On March 14, 2016, Pizza Hut held a online math competition in honor of Pi Day, offering three questions posed by Princeton mathematician John H. Conway. As luck would have it, years ago, I had actually heard of the first question before from a colleague who had heard it from Conway himself:
I’m thinking of a ten-digit integer whose digits are all distinct. It happens that the number formed by the first n of them is divisible by n for each n from 1 to 10. What is my number?
To illustrate this idea, let me give an example that almost works: 9,632,581,470, a ten-digit number that uses each digit exactly once.
- The first digit is 9, which is clearly a multiple of 1.
- The first two digits form the number 96, which is clearly a multiple of 2: .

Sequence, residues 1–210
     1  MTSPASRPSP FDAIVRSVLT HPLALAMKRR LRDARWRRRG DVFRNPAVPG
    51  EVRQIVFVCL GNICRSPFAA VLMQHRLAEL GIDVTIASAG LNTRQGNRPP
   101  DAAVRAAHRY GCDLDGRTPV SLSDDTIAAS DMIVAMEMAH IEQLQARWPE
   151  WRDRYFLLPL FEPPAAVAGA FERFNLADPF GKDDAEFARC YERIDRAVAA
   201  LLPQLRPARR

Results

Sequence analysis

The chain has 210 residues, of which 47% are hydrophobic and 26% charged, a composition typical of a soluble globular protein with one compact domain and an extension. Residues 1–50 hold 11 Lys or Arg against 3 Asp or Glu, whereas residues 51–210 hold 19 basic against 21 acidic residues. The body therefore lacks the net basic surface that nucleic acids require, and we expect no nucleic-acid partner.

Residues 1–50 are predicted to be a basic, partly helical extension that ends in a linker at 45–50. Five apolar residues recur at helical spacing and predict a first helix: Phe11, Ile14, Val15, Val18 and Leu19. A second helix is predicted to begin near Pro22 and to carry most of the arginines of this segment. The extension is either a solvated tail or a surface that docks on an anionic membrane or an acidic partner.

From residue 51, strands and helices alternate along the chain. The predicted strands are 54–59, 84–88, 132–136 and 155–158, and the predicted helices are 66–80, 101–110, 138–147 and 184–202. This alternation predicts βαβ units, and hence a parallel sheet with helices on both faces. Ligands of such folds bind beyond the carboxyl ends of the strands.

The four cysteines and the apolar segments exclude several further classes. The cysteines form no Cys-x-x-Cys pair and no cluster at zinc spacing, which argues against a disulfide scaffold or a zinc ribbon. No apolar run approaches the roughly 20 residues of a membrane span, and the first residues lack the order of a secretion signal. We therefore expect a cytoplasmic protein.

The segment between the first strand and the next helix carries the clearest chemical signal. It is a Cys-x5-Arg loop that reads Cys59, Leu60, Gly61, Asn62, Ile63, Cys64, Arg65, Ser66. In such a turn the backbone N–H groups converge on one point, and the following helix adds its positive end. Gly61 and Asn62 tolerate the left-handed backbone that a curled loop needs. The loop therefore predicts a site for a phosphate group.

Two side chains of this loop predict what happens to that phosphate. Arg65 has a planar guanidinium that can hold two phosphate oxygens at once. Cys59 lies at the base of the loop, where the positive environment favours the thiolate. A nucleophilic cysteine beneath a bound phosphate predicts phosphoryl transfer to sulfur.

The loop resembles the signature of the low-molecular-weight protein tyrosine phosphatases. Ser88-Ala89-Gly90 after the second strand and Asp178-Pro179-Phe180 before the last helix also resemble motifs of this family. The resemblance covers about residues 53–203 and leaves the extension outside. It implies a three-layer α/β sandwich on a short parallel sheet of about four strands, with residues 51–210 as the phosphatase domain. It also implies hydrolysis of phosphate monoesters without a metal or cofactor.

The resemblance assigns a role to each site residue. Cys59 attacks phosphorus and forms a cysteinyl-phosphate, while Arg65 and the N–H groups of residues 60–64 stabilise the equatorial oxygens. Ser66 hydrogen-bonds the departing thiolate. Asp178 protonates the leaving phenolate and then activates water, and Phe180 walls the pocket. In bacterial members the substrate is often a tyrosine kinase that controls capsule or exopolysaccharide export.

- The first three digits form the number 963, which is a multiple of 3: .
- The first four digits form the number 9632, which is a multiple of 4: .
- The first five digits form the number 96,325, which is a multiple of 5: .
- The first six digits form the number 963,258, which is a multiple of 6: .
- The first seven digits form the number 9,632,581, which is a multiple of 7: .
- Doesn’t work: .
- The first nine digits for the number 963,258,147, which is a multiple of 9:
- The ten-digit number is a multiple of 10: .
So, this number works for 9 of the 10 cases… but we need the number that works for all 10 cases.
In this series, I plan to discuss my solution of this problem using the rules of divisibility. I’ll start my solution with tomorrow’s post.
In the meantime, if you’d like to think about the solution on your own, I offer this green thought bubble to give you some time to think about it on your own.